GMX presents continuing coverage of the mortgage disaster
GMX is pleased to present the third of an undetermined number of posts tonight and tomorrow about the ongoing collapse of the mortgage-backed security market and the wider mortgage-lending process as a whole.
For this installment, I bring you this post from Mortgage News Daily blog.
Here's the headline:
"Special Report on MBS "Black Wednesday:" Among The Worst Day Of Losses.... Ever...."
Sound bad? Keep reading.The article is techincal--but it is worth reading (twice) if you want to understand the shockwave that is about to smash into the S&P.
Damage Report 5/27/09
The dust is finally settling and ashes finally floating away, at least for today. We are left with one of the most grotesque images to come out of the MBS marketplace in years: the visual representation of the deservedly named "Black Wednesday."
(All graphics reproduced from their blog)
[. . .]
But unlike days past where MBS played the tortoise to Tsy's hare and executed mimetic movements on a smaller scale, today was tsy's day to answer to MBS. To say MBS were center stage today would be putting it mildly. First of all, we need to remember that for years now, total outstanding MBS has far surpassed total outstanding tsy debt. So when something big happens in the MBS market, it can absolutely send shockwaves throughout the entire fixed income sector. We'll elaborate more later in this post and tomorrow, but today was the story of an MBS snowball that consumed everything in its path, including tsy's, until it reached such a momentum that only the bottom of the mountain was a sufficient backstop. Thinking of the "mountain" as literally ALL the gains we've had since the Fed started buying, you can see this is a not-unreasonable metaphor given the day over day chart:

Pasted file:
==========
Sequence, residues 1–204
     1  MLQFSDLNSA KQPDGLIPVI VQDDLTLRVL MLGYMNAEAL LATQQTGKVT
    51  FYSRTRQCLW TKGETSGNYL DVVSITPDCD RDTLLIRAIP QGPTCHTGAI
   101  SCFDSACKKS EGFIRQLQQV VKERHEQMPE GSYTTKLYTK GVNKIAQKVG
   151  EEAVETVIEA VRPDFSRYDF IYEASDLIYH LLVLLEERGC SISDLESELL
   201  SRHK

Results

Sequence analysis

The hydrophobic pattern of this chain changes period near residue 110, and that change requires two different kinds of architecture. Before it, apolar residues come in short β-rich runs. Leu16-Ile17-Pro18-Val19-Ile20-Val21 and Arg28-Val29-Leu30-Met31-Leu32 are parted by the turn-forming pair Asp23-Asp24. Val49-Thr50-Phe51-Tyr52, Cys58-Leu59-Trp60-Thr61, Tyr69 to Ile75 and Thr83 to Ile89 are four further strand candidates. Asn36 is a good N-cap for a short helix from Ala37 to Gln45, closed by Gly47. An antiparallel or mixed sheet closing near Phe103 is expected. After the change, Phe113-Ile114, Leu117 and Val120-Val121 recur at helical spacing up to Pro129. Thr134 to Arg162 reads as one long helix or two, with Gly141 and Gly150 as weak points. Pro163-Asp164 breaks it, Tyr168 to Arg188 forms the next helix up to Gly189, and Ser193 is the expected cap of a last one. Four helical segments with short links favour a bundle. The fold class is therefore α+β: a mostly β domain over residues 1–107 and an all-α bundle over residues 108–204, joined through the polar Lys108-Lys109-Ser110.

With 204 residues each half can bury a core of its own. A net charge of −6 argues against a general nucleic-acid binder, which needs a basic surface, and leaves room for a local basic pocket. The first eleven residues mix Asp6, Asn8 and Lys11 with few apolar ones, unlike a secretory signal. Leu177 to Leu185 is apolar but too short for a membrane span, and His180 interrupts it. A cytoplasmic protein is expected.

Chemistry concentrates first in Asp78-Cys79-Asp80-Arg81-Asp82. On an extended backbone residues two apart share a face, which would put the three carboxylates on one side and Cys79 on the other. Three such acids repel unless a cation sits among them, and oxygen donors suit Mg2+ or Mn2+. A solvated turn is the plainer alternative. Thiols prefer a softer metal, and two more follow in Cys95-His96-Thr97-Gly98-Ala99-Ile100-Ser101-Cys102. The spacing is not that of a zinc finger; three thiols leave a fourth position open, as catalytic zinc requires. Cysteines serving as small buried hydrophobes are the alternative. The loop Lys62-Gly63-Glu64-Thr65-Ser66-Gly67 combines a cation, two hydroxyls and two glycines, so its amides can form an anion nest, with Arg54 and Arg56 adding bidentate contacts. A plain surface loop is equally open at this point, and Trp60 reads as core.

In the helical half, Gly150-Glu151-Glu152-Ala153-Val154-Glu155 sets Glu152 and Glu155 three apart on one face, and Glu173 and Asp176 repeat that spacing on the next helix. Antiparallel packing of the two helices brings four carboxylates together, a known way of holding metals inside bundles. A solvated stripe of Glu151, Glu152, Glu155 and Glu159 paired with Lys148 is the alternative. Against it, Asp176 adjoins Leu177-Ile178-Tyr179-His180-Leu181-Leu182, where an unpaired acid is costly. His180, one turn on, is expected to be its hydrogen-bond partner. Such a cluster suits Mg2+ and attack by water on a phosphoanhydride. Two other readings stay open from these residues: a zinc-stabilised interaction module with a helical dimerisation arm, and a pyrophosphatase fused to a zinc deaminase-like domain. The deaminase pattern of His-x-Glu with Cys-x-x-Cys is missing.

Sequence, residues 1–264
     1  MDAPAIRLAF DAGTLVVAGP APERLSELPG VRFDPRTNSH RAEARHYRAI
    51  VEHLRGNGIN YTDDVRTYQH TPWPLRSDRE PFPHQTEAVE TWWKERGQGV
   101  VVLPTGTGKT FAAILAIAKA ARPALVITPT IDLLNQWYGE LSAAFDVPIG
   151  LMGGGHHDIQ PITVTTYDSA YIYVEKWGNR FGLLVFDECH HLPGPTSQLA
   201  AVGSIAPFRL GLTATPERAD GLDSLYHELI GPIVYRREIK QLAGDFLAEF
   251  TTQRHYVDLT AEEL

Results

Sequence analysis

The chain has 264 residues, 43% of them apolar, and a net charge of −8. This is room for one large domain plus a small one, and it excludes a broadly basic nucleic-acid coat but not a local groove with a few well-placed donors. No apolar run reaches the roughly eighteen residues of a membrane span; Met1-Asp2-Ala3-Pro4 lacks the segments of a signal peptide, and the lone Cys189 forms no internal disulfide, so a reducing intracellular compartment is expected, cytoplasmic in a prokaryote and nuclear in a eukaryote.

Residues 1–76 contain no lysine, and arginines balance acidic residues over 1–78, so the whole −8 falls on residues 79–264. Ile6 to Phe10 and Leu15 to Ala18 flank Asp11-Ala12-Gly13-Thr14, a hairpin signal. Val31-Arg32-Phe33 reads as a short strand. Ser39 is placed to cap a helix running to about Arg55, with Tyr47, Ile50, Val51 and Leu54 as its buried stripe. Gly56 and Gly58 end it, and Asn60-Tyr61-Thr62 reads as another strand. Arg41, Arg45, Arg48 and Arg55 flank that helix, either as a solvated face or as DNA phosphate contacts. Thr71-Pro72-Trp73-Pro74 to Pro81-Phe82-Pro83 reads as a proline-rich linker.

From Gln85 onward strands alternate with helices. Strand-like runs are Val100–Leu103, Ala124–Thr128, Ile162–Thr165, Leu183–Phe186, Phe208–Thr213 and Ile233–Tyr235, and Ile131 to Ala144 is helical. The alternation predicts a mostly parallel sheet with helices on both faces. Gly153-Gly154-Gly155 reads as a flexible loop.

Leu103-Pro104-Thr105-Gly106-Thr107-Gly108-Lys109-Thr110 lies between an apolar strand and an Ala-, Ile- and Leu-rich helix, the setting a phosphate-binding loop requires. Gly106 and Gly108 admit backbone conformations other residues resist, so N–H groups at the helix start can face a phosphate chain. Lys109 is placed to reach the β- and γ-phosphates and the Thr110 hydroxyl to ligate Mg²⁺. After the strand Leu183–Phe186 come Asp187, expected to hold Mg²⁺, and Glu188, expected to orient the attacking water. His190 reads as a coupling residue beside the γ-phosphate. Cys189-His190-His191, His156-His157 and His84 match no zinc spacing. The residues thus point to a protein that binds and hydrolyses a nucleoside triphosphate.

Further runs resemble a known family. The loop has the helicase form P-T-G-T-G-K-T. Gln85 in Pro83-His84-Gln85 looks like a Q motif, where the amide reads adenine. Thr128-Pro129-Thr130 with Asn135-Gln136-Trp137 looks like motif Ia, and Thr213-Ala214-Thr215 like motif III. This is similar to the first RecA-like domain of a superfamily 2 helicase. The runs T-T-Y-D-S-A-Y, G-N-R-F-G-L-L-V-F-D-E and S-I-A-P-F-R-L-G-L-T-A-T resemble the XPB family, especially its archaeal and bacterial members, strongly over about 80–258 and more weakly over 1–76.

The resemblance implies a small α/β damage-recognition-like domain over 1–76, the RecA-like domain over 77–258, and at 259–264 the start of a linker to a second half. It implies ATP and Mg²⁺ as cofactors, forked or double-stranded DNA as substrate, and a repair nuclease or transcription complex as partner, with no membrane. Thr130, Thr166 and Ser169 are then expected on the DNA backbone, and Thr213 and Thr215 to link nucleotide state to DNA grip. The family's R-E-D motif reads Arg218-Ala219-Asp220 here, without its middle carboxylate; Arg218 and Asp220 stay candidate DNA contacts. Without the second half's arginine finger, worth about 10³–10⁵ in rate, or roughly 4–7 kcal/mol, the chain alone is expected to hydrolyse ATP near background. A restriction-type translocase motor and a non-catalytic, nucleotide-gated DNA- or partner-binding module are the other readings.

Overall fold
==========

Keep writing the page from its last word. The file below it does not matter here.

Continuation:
[. . .]
From a technical perspective, this was the trigger that coincided with all hell breaking loose today, and unleashing the previously discussed snowball..."
Here's the rest of the blog... it continues at length but I want to make sure they get ad dollars for their fine work.
When the bond market fails to work normally, it must be propped up. How is it propped? Simple, you pull the rug out from under equities and cause the suddenly scared investors to have to seek safety and buy the unwanted bonds.